Henry Ford once said, “If you need a machine and don’t buy it, you will ultimately find you have paid for it, but don’t have it.” Many factors go into the decision to purchase a new packaging machine; ROI, labor costs, packaging efficiency, maintenance costs, distribution costs - and the list goes on. But when do you take Henry Ford’s advice and decided that your operation “needs” a new packaging machine?
When designing a new packaging line or retooling an existing one, the emphasis is understandably on the major packaging functions and related capital equipment. In fact, the amount of attention paid to investigating, specifying and selecting a particular piece of machinery is roughly proportionate to the financial investment for that component relative to the overall project.
A robotic system is often a practical solution for a secondary packaging line because it addresses common packaging challenges. However, before you say you need a robot, you first need to have a clear picture of what needs to be accomplished on your packaging line. Watch the video to learn more.
Normally, a packaging machine is designed to meet certain base requirements and performance standards. Beyond that, there’s an endless array of customization available to meet individual manufacturer’s wants and wishes. While it’s certainly commonplace to add some customization to the base machine design to best fit a particular application, the question is when does customization go too far?
Not all bundles are created equal, and that simple fact raises many questions: How do you know your packaging design will provide the proper support for your product needs? When is adding more materials only adding cost, rather than value? How can you properly implement a package performance test to ensure you’re producing a consistent, high-performing package? What should you look for in evaluating equipment manufacturers?
Packaging large, rolled products like carpet padding, non-wovens, or TPO roofing can be difficult, labor intensive and potentially dangerous. An automated packaging line using LDPE film can simplify the process and also provide you with a variety of options to meet other goals, including shrink wrapping low-density polyethylene or bagging product in a non-shrunk solution.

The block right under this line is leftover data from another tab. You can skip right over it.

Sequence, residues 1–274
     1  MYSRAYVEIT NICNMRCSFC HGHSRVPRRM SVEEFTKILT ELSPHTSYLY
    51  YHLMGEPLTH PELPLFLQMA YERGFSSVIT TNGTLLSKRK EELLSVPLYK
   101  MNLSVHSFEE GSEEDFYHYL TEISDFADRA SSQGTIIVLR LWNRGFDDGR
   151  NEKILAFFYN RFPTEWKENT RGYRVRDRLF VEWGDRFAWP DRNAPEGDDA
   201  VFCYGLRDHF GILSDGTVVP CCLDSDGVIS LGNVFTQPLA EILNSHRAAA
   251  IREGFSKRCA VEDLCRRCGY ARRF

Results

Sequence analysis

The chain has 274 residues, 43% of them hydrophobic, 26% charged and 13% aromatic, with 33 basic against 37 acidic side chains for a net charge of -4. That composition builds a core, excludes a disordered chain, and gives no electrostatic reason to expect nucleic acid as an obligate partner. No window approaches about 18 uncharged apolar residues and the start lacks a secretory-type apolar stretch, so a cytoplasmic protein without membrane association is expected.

What if your packaging equipment is actually costing you money instead of saving you money? While modern technologies have continued to improve packaging processes across all industries, there are some basic principles you need to adhere to. Taking a step back to analyze these basic packaging decisions will ensure that you’re not making mistakes that result in wasted money.
In the personal care industry, it’s common to have multiple bottle sizes and products run on an individual line, which has a significant impact on new packaging equipment design. Although it’s understandable to want packaging equipment to handle anything and everything, real world experience proves there are some limits. Equipment manufacturers need to know exactly what they’re working with, namely the size ranges and the setups required to handle each product.
Consumer packaged goods (CPG) producers manufacture and operate in a dynamic and competitive marketplace, so finding the most efficient production processes is required to maintain a competitive edge. In the personal care industry, that means replacing the two machines traditionally used to shrink bundle and case pack products with one machine: an Integrated Shrink Bundler and Robotic Case Packer Combo.
Packaging efficiency refers to a machine’s ability to accomplish a goal and minimize excess time and effort. Inefficient packaging machines can delay product distribution, and thereby directly affect profitability due to production cost increases.
While multiple factors can contribute to machine inefficiencies, here are three of the most common issues and how you can fix them.